When a weed eater starts okay but dies when throttled, it often indicates that there is restricted fuel flow. A fuel filter can get clogged with impurities to a point that it allows a small amount of fuel through (enough for starting and even idling) but won’t let it through at a rate sufficient to rev up.

It’s worth checking this and cleaning the filter (or replacing it since they are so inexpensive). And if you do mix your own, make sure your two-stroke oil hasn’t gone bad. It doesn’t last forever like people think it does.

Air Filter

When the fuel has passed through the fuel filter, it enters the carburetor where it’s mixed with air. If your air filter is clogged, it will literally suffocate the engine when you rev the throttle.

Depending on your model, it’s usually just a matter of turning a plastic knob or unscrewing a single screw to remove the air filter cover and gain access. Clean it or replace it depending on the type of filter it is. They are pretty cheap.

Checking the Carburetor

A carburetor is a component in gasoline engines. It ensures air and fuel work together to start a combustion engine. It is also one of the most frustrating parts of a small engine and a big reason that I’ve been seriously considering the benefits of moving to electric yard tools.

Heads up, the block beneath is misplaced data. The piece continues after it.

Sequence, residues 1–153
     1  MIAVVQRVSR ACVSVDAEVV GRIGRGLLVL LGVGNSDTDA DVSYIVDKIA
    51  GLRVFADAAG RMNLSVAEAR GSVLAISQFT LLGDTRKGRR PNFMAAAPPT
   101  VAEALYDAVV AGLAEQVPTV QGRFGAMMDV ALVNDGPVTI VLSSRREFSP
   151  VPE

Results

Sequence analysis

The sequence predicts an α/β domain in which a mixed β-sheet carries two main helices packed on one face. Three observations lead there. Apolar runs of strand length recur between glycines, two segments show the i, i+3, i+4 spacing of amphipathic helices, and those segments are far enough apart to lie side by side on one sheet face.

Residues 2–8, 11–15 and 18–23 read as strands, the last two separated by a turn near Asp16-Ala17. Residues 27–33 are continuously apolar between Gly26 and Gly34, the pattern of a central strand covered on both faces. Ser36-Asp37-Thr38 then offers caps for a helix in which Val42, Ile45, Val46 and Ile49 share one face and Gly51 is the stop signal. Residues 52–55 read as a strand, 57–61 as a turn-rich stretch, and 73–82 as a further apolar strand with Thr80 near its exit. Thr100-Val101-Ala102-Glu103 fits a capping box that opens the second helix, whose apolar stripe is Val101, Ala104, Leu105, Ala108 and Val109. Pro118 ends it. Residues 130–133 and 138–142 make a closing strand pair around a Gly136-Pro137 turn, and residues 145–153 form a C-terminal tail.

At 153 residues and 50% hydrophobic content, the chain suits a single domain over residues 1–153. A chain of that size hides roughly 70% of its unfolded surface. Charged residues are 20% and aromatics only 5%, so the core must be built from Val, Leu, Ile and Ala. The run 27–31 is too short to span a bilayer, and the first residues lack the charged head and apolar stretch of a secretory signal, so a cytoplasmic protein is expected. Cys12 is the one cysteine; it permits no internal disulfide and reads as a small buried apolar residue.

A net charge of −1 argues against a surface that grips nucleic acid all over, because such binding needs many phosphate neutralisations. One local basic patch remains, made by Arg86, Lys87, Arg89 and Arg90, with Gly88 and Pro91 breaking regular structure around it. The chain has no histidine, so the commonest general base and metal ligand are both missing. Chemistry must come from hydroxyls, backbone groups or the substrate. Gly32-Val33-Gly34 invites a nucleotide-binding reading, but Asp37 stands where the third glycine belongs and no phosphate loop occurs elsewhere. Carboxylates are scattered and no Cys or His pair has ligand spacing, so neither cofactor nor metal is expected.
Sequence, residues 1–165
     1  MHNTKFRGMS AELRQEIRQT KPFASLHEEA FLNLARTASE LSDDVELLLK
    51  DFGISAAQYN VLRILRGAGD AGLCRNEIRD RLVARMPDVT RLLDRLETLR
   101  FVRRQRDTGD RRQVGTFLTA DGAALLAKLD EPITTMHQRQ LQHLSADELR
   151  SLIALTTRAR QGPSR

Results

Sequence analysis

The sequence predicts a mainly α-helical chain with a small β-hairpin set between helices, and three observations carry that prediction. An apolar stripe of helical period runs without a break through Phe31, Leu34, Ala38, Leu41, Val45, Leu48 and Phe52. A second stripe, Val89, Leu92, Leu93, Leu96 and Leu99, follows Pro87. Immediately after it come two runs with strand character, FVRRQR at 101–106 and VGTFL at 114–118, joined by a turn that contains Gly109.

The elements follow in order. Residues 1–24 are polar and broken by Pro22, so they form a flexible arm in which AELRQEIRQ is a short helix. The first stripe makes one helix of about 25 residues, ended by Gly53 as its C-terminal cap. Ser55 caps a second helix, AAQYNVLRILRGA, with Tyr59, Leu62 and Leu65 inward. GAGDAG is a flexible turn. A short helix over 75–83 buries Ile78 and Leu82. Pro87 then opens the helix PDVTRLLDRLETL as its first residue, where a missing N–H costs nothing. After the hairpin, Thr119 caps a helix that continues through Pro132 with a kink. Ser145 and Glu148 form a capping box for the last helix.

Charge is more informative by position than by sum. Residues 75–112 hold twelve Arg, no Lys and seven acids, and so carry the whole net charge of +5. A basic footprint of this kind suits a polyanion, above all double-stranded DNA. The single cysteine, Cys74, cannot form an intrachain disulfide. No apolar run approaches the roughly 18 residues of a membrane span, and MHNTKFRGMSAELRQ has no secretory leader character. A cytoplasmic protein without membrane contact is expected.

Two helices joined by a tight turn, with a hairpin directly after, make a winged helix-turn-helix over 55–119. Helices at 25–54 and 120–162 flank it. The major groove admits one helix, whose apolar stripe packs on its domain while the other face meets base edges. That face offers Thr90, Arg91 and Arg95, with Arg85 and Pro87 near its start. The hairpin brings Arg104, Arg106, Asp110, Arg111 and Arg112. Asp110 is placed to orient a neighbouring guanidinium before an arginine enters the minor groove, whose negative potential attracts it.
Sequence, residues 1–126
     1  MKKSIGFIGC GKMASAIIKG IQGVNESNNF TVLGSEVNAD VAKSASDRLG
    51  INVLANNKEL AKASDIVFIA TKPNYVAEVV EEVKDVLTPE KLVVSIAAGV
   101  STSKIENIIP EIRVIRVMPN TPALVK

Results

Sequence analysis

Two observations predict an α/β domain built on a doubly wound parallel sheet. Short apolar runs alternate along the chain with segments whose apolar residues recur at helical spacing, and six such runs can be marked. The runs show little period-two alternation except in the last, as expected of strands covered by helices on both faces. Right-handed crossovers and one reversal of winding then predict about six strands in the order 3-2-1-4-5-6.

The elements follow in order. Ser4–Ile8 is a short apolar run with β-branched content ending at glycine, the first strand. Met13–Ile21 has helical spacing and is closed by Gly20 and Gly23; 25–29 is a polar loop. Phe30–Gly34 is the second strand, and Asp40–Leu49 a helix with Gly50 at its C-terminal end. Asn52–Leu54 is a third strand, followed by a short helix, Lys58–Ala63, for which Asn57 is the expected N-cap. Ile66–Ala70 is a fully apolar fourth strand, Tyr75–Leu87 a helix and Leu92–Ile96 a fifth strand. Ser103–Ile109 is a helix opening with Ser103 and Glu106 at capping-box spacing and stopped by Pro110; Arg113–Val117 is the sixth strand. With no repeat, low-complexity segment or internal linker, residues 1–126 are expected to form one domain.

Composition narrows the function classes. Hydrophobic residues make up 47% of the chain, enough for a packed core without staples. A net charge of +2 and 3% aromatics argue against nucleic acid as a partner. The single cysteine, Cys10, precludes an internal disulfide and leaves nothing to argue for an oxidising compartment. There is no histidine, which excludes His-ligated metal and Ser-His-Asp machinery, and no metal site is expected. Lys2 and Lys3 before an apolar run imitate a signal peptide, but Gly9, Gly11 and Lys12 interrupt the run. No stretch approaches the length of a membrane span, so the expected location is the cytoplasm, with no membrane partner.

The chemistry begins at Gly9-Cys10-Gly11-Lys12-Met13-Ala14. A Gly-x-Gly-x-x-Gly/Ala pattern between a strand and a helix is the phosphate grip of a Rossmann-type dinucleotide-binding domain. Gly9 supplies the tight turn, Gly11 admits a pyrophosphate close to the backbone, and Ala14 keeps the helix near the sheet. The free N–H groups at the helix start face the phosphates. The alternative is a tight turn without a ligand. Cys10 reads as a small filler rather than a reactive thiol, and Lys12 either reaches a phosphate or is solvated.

start, weed, whacker

Although it’s a fairly simple mechanism, there are a number of things that can go wrong with a carburetor. However, since your weed eater is starting and only dies when giving it gas, that does help us to slim down the potential issues a little.

Now, the obvious issue that you need to check before we get technical is whether or not your carburetor is clogged. I’ve had great success with SeaFoam motor treatment (link to Amazon).

However, there are plenty of carburetor cleaning options on the market. The important thing to remember is to make sure the carb isn’t clogged before proceeding into the next, more technical steps.

Let’s look at these areas of your carburetor:

These are the most common culprits of a carburetor when a weed eater starts but stalls when throttling.

If you want to see this visually, Home Garage has an excellent walk-through video on YouTube that takes you through a lot of what we are going to cover:

Thriving Yard aims to simplify the unnecessarily complex process of growing and maintaining a healthy, thriving lawn and garden. Unlike corporate website companies who write articles from an office overlooking a major city, the authors on this website live in small towns and regularly use many of the tips and recommendations provided in their own garden and lawn care. Read